Dancing without a parquet dance floor, crossing garbage dumps on the way to school, dreaming of running a nail studio, learning in corrugated iron shacks, singing in a church without a roof, laughing at the cramped living conditions: British photographer Tariq Zaidi does not cling to the cliché of “poor but happy”. However, with his pictures taken in the biggest slum in Haiti’s capital of Port-au-Prince, he wants to show the persevering vigor of people who have to live under such conditions.

An estimated 80,000 live in the shacks that form Jalousie, the slum that clings to the steep slopes of the city: without running water, without waste collection and with intermittent electricity. Zaidi encountered a special sense of community here, and children full of hope and ambition.

Curriculum Vitae: Tariq Zaidi (Caters News Agency, Getty Images)

Portrait: Tariq Zaidi

© Tariq Zaidi

Tariq Zaidi is a freelance photographer based out of London, England. Zaidi’s photography focuses on inequality, endangered communities and social change. He aims to capture the spirit and dignity of people in connection with the environment that they inhabit. Zaidi has worked in 18 countries across 4 continents, mainly in the developing world. His work has been shown in over 60 international exhibitions, and has been featured in over 700 publications since August 2015, including The Guardian, BBC News, CNN, National Geographic, The Washington Post, Der Spiegel, El Pais, The LA Times and Smithsonian Magazine, among other respected international titles.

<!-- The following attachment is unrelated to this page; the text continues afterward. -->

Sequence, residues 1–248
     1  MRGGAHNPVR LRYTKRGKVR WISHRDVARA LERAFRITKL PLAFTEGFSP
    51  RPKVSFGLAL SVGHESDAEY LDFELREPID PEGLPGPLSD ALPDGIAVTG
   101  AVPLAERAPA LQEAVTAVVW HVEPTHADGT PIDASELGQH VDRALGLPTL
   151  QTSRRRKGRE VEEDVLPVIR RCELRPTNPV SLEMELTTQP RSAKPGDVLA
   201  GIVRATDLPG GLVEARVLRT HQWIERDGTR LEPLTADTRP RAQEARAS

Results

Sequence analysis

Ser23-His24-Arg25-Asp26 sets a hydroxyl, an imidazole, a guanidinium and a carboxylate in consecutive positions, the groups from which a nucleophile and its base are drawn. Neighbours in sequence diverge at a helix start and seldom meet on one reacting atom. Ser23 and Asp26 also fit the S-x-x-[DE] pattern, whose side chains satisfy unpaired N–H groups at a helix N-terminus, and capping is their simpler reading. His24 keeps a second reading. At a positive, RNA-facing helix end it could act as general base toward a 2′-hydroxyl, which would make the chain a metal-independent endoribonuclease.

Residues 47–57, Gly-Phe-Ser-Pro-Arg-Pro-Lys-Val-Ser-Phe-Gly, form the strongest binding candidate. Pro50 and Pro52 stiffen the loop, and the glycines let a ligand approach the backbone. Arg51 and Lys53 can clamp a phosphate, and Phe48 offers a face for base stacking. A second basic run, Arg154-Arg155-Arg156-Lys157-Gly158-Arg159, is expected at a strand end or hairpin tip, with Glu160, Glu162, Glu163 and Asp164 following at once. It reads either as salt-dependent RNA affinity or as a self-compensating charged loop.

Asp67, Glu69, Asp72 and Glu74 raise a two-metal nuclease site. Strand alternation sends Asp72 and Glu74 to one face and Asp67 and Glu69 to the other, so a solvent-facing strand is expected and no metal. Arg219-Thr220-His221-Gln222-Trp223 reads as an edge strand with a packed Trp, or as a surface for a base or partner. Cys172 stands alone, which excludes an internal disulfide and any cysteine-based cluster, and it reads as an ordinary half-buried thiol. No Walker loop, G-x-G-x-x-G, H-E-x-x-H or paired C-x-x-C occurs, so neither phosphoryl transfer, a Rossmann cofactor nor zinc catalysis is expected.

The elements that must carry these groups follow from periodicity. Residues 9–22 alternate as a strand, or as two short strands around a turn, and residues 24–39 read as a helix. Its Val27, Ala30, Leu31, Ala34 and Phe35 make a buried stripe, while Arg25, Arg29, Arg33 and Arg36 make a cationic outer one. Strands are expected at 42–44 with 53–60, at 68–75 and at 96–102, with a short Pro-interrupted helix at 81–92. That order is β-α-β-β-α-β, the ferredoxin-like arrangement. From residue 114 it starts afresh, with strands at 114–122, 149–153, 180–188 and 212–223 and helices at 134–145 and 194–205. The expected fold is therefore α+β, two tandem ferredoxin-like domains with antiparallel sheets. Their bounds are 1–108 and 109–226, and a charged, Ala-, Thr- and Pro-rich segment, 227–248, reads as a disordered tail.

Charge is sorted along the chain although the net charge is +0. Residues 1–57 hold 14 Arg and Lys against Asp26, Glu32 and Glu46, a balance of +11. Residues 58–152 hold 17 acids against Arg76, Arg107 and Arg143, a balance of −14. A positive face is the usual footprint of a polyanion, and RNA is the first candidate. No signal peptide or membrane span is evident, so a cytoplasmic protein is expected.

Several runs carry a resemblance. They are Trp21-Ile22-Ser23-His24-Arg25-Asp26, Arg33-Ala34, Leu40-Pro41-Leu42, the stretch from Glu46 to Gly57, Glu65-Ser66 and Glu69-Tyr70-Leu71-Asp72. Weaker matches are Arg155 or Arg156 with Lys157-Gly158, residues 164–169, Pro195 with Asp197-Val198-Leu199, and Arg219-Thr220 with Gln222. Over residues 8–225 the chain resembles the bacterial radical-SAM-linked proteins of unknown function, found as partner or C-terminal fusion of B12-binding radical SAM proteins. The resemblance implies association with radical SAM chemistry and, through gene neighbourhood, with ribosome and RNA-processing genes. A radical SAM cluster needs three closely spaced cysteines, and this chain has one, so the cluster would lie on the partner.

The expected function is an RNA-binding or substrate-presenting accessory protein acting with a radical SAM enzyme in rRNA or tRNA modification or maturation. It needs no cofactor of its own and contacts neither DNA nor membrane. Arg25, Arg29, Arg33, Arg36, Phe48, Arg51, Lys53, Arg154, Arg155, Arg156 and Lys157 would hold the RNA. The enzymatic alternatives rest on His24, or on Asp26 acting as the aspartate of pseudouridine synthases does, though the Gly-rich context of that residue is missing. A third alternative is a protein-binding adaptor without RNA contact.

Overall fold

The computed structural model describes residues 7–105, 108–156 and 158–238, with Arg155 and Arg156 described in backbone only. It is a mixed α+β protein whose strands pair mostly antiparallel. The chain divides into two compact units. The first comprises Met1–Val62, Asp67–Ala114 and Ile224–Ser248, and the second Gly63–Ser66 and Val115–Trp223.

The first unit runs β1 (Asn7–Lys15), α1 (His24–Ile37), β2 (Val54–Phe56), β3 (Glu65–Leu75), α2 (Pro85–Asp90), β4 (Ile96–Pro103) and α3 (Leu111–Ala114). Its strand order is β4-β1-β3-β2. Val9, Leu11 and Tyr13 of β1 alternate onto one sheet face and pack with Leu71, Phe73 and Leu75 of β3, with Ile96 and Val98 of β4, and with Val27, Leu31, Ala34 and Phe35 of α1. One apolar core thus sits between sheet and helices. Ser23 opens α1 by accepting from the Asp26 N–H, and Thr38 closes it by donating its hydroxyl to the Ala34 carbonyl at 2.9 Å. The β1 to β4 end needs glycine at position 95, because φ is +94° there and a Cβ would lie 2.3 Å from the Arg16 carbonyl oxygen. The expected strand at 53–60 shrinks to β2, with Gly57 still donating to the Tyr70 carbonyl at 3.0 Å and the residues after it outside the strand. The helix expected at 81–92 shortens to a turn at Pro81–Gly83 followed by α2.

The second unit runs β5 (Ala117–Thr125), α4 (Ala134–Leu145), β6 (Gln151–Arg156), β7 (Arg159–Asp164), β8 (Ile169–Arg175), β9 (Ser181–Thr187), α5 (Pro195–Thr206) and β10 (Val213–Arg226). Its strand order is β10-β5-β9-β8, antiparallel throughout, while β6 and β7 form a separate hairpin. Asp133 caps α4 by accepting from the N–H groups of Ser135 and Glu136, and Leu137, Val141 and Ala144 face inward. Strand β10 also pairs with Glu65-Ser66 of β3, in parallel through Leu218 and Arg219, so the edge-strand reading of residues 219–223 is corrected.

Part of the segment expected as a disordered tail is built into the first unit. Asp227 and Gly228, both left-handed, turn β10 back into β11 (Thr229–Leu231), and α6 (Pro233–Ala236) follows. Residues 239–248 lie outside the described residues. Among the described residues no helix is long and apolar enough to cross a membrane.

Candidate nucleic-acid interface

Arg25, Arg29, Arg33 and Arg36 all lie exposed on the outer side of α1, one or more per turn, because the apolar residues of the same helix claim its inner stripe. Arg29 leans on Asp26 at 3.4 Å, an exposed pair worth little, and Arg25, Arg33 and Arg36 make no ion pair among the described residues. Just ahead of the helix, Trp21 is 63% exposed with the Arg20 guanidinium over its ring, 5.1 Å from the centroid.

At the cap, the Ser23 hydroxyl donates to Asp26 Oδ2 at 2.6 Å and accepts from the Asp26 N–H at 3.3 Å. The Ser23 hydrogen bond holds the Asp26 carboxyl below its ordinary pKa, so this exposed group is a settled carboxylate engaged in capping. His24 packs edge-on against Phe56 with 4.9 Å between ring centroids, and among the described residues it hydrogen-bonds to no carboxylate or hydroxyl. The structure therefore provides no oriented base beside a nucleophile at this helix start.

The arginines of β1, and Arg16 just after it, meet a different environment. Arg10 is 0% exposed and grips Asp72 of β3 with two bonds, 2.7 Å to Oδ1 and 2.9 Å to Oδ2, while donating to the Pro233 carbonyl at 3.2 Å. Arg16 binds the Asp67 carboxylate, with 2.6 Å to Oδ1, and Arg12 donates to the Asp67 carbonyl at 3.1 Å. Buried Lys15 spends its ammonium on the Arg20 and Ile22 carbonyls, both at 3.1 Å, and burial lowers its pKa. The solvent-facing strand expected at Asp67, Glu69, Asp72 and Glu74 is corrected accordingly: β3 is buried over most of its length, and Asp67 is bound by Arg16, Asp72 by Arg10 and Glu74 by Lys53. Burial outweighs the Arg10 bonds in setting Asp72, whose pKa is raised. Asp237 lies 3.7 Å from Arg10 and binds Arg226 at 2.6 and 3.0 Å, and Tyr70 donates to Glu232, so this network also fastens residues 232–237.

Zaidi was awarded the ‘Photographer of the Year’ prize in POYi75 2018 (Pictures of the Year International Competition) for his work from Congo, North Korea and Brazil. He is one of the winners of the PDN Photo Annual 2018 in Photojournalism/Documentary, and is the recipient of the Marty Forscher Fellowship Fund for outstanding achievements in humanistic photography, presented by Parsons Design School. Zaidi’s current project is a visual anthology of dignity and community in some of the poorest regions of the world, entitled ‘Capturing the Human Spirit’. The first three instalments of the project were featured at Visa Pour L’image, International Festival of Journalism (Perpignan, France) in September 2018.


More information on the competition and the UNICEF Photo of the Year 2018 reportages.

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Renowned photographers from all over the world take part in the contest. An independent jury decides upon the winner.

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